Pete Namlook can put out a decent album in the time it takes the average person to get ready for work. This is not to say that everything he does is groundbreaking, trend-setting, or jaw-dropping — but rarely does a FAX release deviate too far from its successful formula. Wired finds “Prolific Pete” with Move D (aka David Moufang) in a collaboration that occasionally mirrors 1994s Alien Community, Part 1+2, with its patiently unfolding beeps and sizzles that gives way to a beat that won’t quit — nor does it need to.
The 27-minute opener, “Softwired.” is a modest groove, ornamented with some analog portamento keyboard and a jazzy electric guitar that sounds like George Benson on the outer perimeter of Alpha Centauri. A trio of tracks pulse their way out of the laboratory next, with “Hardwired — Tangent,” “Hardwired — Hypotenuse,” and “Hardwired — Asymptote” bleeding from one track to the next with gurgling, mid-tempo percussion and a subsonic chord breathing in the distance. The piece works its way into colder territory for the middle section, as much of the existing rhythm traverses through vapors of synth. The final four-minute passage dispenses with the percussion altogether, and simply holds your breath for you in the clouds of ether. “Wear Your Love Out” is a melodic lullaby in ambient loops and a heartbeat of bass drum, and someone actually sings the title a few times. The results are two parts soothing to one part conservative. “1969,” the disc’s closer, is a ghost in the machine; a submerged collage of backmasking and depth charges that loops Adagio for Strings in the final minutes. Much of Wired is music for a late-night drive that won’t distract you from the road. The sound is sparse at times but, for those familiar with the FAX label, it’s a worthy addition.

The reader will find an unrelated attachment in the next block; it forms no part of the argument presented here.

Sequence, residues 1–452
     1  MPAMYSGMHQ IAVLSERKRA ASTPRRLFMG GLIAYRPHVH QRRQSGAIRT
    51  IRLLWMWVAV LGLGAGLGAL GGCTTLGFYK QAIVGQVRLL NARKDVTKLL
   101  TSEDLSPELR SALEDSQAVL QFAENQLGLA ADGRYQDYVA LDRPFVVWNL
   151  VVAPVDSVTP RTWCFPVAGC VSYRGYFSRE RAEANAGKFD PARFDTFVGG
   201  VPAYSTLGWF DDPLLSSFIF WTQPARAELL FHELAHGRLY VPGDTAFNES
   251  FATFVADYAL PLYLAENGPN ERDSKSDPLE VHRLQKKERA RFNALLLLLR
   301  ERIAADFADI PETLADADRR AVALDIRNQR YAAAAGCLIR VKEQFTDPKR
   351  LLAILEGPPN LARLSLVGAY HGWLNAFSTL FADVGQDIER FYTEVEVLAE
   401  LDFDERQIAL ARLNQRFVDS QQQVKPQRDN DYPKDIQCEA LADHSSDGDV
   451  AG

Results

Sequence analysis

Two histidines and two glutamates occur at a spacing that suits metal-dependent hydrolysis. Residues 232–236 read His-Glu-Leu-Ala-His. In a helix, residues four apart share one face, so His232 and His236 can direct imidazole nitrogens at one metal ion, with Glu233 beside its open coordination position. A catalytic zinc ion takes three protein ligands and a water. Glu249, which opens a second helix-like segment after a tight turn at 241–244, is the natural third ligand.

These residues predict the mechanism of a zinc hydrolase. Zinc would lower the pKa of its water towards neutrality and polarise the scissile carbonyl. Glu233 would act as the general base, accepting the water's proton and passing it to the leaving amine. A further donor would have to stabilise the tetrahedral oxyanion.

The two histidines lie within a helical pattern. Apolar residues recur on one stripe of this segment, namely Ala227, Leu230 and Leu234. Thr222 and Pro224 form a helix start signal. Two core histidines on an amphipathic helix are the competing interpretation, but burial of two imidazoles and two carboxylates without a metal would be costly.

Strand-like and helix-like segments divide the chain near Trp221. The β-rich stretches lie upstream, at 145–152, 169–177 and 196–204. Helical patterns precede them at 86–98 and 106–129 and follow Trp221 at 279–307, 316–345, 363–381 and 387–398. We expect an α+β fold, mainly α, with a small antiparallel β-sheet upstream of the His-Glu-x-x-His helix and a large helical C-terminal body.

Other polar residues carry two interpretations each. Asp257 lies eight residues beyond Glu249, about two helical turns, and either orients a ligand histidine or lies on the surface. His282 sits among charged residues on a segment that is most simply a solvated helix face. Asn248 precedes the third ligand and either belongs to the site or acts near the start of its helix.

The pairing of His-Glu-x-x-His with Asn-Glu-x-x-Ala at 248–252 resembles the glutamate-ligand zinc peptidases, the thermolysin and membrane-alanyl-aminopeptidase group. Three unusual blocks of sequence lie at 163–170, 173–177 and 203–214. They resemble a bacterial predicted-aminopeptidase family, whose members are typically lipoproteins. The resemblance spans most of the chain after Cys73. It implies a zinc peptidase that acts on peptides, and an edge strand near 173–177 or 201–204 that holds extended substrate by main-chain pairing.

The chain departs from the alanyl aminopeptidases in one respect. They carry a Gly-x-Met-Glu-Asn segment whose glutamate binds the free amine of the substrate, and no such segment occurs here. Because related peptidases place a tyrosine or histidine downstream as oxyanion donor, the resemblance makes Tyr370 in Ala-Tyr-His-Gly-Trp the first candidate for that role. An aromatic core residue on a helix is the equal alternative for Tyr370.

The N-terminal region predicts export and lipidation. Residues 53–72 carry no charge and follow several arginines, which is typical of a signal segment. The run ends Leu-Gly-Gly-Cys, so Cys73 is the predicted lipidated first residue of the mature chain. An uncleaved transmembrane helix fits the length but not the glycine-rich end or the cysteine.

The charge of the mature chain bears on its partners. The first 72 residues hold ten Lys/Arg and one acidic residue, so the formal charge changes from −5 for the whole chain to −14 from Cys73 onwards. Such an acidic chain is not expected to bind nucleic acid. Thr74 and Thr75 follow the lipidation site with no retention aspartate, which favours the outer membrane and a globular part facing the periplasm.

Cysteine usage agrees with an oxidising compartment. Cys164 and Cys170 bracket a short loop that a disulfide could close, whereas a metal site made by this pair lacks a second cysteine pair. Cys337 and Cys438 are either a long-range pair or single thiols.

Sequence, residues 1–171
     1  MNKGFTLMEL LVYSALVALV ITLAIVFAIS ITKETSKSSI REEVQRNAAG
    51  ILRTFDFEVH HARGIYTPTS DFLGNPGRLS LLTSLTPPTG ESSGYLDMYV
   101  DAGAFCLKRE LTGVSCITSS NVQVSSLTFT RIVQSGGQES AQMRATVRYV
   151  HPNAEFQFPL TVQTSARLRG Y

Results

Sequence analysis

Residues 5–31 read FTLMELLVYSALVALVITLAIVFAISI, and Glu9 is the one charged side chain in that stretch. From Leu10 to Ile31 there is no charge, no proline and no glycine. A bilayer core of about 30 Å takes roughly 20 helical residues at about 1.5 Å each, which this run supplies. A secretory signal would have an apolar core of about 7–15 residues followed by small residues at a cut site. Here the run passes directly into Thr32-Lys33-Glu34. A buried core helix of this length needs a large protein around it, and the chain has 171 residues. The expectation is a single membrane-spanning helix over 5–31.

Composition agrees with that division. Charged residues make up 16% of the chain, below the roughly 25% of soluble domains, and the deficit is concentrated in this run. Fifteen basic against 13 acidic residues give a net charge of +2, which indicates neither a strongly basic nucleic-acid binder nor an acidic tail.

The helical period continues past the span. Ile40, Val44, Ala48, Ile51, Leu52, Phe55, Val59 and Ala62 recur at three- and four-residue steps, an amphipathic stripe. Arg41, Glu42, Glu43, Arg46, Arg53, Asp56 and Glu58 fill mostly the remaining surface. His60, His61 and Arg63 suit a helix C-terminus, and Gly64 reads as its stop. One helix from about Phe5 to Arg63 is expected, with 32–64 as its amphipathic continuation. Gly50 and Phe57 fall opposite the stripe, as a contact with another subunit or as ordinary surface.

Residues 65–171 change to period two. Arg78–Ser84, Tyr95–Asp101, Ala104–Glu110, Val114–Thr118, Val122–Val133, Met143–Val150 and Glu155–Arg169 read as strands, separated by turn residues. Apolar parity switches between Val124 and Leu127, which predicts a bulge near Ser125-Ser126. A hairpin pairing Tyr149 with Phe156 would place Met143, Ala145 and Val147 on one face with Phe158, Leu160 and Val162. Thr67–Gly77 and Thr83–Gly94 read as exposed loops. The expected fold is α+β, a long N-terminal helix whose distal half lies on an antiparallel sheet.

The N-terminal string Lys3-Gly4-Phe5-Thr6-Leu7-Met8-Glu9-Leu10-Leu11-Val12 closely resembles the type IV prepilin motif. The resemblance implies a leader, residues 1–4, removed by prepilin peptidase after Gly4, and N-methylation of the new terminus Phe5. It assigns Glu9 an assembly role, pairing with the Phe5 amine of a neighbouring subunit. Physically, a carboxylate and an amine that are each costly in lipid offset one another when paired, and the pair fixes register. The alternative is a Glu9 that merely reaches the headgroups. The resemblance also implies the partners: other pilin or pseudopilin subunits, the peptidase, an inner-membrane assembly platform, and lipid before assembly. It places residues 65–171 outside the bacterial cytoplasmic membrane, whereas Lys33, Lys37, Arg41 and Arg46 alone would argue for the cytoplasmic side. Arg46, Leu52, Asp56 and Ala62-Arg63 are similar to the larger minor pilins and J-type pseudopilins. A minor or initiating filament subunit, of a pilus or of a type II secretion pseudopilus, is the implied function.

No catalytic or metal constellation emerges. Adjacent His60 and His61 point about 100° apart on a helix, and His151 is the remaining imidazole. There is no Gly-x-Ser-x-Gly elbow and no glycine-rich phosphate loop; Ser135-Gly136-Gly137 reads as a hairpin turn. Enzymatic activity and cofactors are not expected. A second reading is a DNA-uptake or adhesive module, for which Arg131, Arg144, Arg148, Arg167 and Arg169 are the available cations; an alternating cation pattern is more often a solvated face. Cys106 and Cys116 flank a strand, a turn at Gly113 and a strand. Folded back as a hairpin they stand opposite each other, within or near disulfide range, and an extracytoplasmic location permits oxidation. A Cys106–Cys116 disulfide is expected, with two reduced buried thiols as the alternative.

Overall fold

Glenn Swan, All Music Guide